Gain¬†– Each channel has a Gain control meaning that your instrument and voice each have their own volume knobs. When turning on the amp always start with each Gain and Master volume set at zero. Increase the levels slowly so you don’t blow your speaker. Turn up the Master a little and then adjust each Gain so voice and ukulele are in good balance. Then turn up the total volume to the required level using the Master.

 

Clip¬†– If a red¬†Clip¬†light is coming on then your Gain is set too high. So turn down the Gain and increase the master volume. If your master is turned up full, your Clip lights are on and you’re still not loud enough – it’s time for a bigger amp.

 

EQ¬†Controls¬†(equalization)¬†–¬†Bass, middle and treble¬†are used to adjust the frequencies of your sound. Set them to center position. Listen to your sound. Is it too tinny? Then turn down the treble a little (or turn up the middle). Too boomy, then turn down the bass. Different rooms and different crowds require different EQ settings. If possible get someone with experience to stand in the audience and inform you what adjustments should be made. If you’re not sure, keep them centered.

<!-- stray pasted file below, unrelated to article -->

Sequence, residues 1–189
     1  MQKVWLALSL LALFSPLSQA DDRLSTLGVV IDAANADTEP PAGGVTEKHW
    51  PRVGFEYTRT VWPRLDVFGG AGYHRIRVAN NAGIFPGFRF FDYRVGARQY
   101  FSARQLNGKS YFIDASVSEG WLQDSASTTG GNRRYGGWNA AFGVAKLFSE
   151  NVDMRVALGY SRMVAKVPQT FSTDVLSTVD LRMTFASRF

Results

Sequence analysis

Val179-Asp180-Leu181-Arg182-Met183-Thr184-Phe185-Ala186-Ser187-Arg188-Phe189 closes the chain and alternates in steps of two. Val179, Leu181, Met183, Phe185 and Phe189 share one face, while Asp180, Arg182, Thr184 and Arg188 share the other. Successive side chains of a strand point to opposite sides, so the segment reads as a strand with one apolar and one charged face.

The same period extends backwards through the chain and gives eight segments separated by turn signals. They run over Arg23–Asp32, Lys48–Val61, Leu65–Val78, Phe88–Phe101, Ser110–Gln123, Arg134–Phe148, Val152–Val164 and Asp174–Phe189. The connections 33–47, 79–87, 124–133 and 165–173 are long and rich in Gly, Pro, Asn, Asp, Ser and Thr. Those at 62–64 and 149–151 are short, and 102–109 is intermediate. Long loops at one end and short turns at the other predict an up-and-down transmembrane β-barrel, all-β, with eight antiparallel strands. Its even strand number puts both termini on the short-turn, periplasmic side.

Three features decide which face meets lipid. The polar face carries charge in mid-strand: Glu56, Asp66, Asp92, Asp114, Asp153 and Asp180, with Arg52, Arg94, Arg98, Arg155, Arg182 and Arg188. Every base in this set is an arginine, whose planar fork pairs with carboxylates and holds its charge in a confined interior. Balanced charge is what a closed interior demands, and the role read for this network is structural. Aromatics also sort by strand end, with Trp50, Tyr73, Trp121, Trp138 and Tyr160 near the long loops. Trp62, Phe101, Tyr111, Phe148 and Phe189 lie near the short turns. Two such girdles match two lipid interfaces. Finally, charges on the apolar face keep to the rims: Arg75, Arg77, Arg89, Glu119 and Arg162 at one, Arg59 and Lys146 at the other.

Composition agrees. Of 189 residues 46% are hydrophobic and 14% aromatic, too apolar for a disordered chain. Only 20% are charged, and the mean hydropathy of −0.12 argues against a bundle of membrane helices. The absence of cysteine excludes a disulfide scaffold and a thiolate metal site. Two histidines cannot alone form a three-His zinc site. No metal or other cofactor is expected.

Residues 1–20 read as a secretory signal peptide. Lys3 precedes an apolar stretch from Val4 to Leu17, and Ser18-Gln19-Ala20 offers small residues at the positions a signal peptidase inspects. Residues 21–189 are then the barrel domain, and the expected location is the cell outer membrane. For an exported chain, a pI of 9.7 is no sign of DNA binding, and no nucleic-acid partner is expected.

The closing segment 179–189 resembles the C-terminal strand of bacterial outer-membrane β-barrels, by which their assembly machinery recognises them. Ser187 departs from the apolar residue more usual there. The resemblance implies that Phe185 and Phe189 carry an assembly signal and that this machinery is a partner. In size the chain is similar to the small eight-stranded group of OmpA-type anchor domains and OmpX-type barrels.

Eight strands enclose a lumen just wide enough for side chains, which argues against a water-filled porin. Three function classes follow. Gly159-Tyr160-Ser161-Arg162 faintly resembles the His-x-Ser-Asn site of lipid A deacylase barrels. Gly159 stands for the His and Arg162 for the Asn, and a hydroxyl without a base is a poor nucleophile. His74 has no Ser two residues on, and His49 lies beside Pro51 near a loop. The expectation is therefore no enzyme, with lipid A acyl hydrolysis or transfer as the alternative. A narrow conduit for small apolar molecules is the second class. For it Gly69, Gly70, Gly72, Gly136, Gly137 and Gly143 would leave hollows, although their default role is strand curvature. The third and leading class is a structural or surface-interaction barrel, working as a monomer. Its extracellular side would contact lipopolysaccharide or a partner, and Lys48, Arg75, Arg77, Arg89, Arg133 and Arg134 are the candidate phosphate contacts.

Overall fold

Effects¬†– Some amps have effects built into them. The most common two are¬†reverb and echo. I never use echo but reverb is useful. It fills out your sound (like singing in the shower) and that’s good, up to a point. The Return knob gives you more and more reverb. But keep it subtle. If it’s turned up to where people¬†notice¬†you’ve added reverb then it’s too high. The eff. (effects) pan allows you to put more effect either onto your voice or your instrument.

 

Not all amps are exactly as described. You’ll find every PA has its own idiosyncrasies to figure out, so don’t be afraid to learn on the job.

 

Having your own gear will add to your performing confidence. Many facilities, such as community and old folks centers, for example, will boast that they have a PA for you to use. But be wary Рit may be a my first Sony!!

 

Next time: Some microphone basics for you.

ABOUT Ralph Shaw